February 22nd, 2017 by Bekah Brunstetter
There are plays you read in undergrad and grad school and watch scenes from and do scenes from, to the point where watching the play actually staged feels like a very long, hazy moment of deja vu. O’Neill’s Long Day’s Journey into Night is definitely one of those plays, and I even though I spent a summer at the O’Neill conference, did a three-night long, all playwright reading of it, visited the very house in which the play was set — I did not actually see the play until last night, at the Geffen (staring Alfred Molina and Jane Kaczmarek, who were both magnificent.) Even though I’ve read it so many times, last night it revealed itself to me as something new — not a play about brothers, about fathers, about grudges you can’t let go of — but a play about a very poetic addiction. It’s really Mary Tyrone’s play, the mother’s play. It’s actually about her withdrawing from and indulging in morphine, hiding it from her family. When she’s on morphine, she just talks and talks and talks, and says the saddest and most beautiful things:
None of us can help the things life has done to us. They’re done before you realize it, and once they’re done they make you do other things until at last everything comes between you and what you’d like to be, and you’ve lost your true self forever.
The past is the present. It’s the future, too.
Her addiction allows the playwright to speak through her. We have things we want our characters to say. They are the things that we want to say, but can’t. But you can’t just insert the things into the mouth of a character. You have to give them some profound reason to say them, a reason that ideally creates a story. This is something I already knew, but must be reminded of, every time I write a scene. A character is not a robot for your poetry. A character is a human being who must be cared for, who must be motivated, who is usually based on your mom (not really.) (but sometimes.) (HI MOM!)
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February 16th, 2017 by Bekah Brunstetter
Looking at my schedule for next week, I realize I’m meeting with four different people so that they might ‘pick my brain.’ As a classic Gemini, I’m of two minds about this. Mind Pt. 1: I am happy to do it, especially in honor of those who did it for me when I was just starting out. If I can offer any insight that might help a person get to where they want to be, then good on me, good on them, and good on kindness. Mind. Pt. 2: my brain is currently in a million places. It’s held together by frayed bits of old friendship bracelet and sour punch straws and the subpar bobby pins that really don’t hold any hair in place at all. If anyone were to, at this point, ‘pick my brain,’ it actually might lose its structure entirely.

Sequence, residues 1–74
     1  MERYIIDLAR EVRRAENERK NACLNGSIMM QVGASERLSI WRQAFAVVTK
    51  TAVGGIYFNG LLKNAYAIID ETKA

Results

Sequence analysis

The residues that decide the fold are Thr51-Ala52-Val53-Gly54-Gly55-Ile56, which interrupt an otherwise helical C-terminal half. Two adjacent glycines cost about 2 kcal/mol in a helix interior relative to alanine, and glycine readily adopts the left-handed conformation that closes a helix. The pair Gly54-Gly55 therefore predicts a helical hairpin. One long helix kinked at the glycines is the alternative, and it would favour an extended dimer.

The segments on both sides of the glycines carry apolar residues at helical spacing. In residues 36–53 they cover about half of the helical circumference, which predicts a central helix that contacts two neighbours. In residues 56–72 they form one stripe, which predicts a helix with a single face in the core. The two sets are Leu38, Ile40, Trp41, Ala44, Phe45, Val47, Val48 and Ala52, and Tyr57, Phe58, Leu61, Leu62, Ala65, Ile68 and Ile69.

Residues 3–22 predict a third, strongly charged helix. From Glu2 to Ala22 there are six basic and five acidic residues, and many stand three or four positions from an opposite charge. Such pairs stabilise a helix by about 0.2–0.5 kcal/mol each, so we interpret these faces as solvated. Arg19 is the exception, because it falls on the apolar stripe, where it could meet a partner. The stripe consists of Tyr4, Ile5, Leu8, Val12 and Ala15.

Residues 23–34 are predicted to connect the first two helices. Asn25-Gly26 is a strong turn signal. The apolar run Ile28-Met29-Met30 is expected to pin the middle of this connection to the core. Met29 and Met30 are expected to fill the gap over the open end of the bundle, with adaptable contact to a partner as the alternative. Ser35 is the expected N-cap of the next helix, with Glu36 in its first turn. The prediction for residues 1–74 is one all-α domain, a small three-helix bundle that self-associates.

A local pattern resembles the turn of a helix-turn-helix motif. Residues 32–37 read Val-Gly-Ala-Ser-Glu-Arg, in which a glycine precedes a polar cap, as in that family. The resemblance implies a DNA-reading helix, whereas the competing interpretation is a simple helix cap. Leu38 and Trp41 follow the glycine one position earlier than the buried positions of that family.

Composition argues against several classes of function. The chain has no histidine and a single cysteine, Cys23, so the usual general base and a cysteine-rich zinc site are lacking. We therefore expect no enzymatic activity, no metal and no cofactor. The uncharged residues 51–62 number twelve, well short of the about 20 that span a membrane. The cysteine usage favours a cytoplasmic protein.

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February 12th, 2017 by Bekah Brunstetter
At some point, I decided to stick these words at the end of the The Cake script:
END OF PLAY.
NOTE: This is the end of the play part of the play. Ideally, upon exiting the theater, the audience is surprised with an actual CAKE, waiting for them. The wonderfully terrible grocery store cake that you never let yourself eat. Ideally, everyone then stands around together, eating cake.
And I will NEVER. REGRET IT.
Posted in I'M SO EXCITED, a lot, food, ha, horn tooting, i am lucky, life, silly, the future, the whole world, the writing of drama plays, theater, things, things that I Have | No Comments »
February 11th, 2017 by Bekah Brunstetter
Say, are you in a city you’ve never been to, surrounded by other theater people all wearing lanyards? You just might be at a New Play Festival! But don’t panic because they’re super fun. First let’s just confirm that you are, in fact, at a New Play Festival. Please label the following statements as True or False.
1.) You don’t fully understand where you are, where you’re supposed to be, even though it’s all been printed out and put in a nice folder for you. You’ve studied it many times, and yet you still don’t really get it it, and so you just wander around hoping someone will lead you to where you are supposed to go.
2.) You don’t fully understand where or when your next meal is coming from, and there doesn’t appear to be food anywhere, so when you spot a bowl of sad bananas on display at your hotel you take one and carry it around in your backpack and forget it’s there and only remember when everything starts to smell vaguely of banana.
3.) You see three to five plays a day, one of them which is usually a mind blowing hip hop musical that makes you question everything.